HC Deb 25 July 1850 vol 113 cc253-7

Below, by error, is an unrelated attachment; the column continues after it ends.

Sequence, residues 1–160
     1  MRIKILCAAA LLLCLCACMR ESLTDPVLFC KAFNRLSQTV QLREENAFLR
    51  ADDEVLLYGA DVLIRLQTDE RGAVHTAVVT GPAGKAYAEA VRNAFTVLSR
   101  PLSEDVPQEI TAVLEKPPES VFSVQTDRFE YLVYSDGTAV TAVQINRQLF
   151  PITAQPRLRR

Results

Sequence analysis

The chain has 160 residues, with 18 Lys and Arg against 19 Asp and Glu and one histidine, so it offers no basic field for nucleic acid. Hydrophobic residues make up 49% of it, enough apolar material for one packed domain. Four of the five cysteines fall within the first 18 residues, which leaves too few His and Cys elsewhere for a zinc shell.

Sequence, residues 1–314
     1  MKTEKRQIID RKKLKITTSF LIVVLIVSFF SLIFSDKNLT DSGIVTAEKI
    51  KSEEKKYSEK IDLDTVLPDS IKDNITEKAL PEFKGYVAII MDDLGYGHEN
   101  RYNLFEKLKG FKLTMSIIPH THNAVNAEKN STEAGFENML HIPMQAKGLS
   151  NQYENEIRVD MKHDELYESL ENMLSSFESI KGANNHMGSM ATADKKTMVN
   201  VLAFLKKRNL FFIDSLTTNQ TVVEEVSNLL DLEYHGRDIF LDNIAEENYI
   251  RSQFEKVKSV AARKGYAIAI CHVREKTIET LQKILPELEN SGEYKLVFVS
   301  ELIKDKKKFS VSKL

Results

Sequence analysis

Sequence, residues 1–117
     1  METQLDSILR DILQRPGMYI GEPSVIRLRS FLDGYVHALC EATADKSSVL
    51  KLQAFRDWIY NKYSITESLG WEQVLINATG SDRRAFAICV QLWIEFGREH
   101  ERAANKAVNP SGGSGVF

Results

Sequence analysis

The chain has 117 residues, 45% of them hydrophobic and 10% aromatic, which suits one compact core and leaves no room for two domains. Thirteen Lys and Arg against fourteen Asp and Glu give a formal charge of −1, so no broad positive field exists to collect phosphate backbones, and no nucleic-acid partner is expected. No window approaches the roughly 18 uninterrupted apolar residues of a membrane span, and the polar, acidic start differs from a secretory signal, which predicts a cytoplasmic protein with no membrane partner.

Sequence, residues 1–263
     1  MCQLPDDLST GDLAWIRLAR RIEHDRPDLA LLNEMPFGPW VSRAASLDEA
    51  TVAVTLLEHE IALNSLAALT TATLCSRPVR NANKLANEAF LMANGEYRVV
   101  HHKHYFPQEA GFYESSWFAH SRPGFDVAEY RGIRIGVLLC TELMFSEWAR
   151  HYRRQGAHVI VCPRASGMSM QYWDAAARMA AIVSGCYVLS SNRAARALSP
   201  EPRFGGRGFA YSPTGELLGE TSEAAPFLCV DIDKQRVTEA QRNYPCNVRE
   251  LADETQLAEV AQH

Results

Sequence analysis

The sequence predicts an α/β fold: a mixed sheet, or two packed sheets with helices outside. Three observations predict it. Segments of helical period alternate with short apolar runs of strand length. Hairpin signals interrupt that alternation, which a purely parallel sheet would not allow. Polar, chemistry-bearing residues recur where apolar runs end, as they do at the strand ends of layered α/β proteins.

On the Question, "That Mr. Speaker do now leave the chair,"